To Edit or Not to Edit?

Recently I triggered a seemingly unstoppable discussion on LinkedIn by asking writers if they would pay for editorial services and, if so, how much they would pay. Writers and editors weighed in with both yea and nay responses, various analyses of pricing, and the chasms into which writers fall when hiring an editor. Opinions ranged from one extreme to the other: either writers who fail to work with professional editors are doomed, or writers don’t need editors if they learn to edit for themselves. A writer wading through such a swamp might wonder who, if anyone, is right. Reality The reality lies in the middle. We all self-edit, and publishers edit even the greatest authors. That’s just how it works, or at least how it used to work in the age of traditional publishing. Today’s world of print-on-demand, self-publishing, and ebooks has rung a few changes on the old formula. While the traditional route is still available, it has become so easy to publish a book that everyone with a keyboard and half an idea has jumped into the business. It’s now possible for a writer to spring straight from rough draft to published work without a single edit. Is that a good thing? Absolutely not. Very few of us get everything right first time, every time. An unedited work usually reads like an unedited work, littered with typos, grammatical mistakes, and structural weaknesses. Readers seldom notice good editing, but they sure notice sloppiness and poor writing. As a writer, your byline is your brand, and you don’t want your brand associated with poor quality. Poor quality loses customers. Essential So editing is essential. The question is how to approach it, and the answer is not very different from what it used to be. First, self-edit. Check for spelling and grammatical errors, for poor organization, pacing problems, plot issues,...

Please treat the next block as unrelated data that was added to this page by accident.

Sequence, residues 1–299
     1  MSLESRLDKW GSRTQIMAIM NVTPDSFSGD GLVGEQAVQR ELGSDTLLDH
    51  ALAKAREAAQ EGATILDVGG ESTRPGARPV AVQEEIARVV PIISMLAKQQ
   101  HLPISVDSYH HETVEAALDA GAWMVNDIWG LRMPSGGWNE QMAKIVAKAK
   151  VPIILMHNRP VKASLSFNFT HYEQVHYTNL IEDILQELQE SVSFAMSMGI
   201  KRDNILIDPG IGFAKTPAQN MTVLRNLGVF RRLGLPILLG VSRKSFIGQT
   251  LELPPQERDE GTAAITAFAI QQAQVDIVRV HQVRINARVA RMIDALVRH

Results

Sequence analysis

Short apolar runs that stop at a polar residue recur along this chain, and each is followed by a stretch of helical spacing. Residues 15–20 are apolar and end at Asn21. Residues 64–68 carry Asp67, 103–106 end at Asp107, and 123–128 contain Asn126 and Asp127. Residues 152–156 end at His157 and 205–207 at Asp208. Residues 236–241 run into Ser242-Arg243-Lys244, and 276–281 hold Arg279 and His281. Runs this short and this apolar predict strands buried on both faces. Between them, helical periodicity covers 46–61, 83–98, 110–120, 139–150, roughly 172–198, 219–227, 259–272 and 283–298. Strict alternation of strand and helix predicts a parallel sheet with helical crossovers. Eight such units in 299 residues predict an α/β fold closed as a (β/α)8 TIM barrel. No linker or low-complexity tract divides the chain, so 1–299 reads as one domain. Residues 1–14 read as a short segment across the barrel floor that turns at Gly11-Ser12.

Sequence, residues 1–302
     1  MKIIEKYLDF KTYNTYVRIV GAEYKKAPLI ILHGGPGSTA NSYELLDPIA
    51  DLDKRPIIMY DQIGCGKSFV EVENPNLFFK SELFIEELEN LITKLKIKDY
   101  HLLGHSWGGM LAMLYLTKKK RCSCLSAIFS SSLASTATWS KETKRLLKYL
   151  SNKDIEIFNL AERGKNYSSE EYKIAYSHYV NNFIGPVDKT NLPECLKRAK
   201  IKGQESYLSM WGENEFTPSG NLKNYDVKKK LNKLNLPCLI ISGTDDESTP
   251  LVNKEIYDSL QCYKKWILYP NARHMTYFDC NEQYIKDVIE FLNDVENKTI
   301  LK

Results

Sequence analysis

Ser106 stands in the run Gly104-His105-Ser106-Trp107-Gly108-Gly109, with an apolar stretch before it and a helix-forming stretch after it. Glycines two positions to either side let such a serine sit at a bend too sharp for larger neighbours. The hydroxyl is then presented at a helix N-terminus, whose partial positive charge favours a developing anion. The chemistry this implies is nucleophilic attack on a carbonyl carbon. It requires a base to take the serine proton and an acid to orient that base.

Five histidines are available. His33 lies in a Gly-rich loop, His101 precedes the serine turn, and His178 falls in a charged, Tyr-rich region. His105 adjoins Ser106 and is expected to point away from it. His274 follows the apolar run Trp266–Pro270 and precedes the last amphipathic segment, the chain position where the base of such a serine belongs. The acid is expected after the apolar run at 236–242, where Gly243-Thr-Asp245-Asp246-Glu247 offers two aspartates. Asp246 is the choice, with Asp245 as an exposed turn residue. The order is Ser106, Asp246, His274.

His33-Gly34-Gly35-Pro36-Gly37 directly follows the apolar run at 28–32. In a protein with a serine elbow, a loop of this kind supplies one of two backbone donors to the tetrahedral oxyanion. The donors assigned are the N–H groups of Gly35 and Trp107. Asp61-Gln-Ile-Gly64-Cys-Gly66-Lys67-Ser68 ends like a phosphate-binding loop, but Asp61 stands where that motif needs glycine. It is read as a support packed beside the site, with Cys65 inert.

Use Industry Standard Non-Fiction Book Elements

As a self publisher, you need to meet industry standards in order to get your book recognized. Thousands of books are published every day. This means you have lots of competition. If your book appears to be sub-standard, missing elements that are required by the publishing industry, you won’t get very far in publishing. I have seen the forums for self publishers where some authors argue that these elements are not really required. If you have read that somewhere, do not listen to it. All of the elements that are standard publishing industry are there for a reason. Front Matter Front Matter occurs prior to the core content of the book, and is typically arranged in this order: Title page (contains title & author only) Copyright page Copyright Acknowledgments (for titles containing reprinted / permissioned material) Dedication (if included) Table of Contents Foreword (if included – usually written by someone other than the author describing interaction with the author) Preface (if included – by the author, it  covers the story of how the book came into being, or how the idea for the book was developed) Acknowledgments (if included) Introduction (if included – usually states the purpose and goals of the book.) Go to a bookstore with this list, and note how these elements are included in books. Table of Contents Give special attention to your Table of Contents (TOC). A Table of Contents is critical for any non-fiction or how-to book – it is the map your readers use to navigate your book. Prepare your Table of Contents(TOC) after you finish writing and editing your manuscript. List each part, section, chapter, and headings that you feel are appropriate. Many books list the title of the chapter, plus the primary heads in each chapter. Your manuscript must match the order, context, and titles of the TOC. Body Matter After the...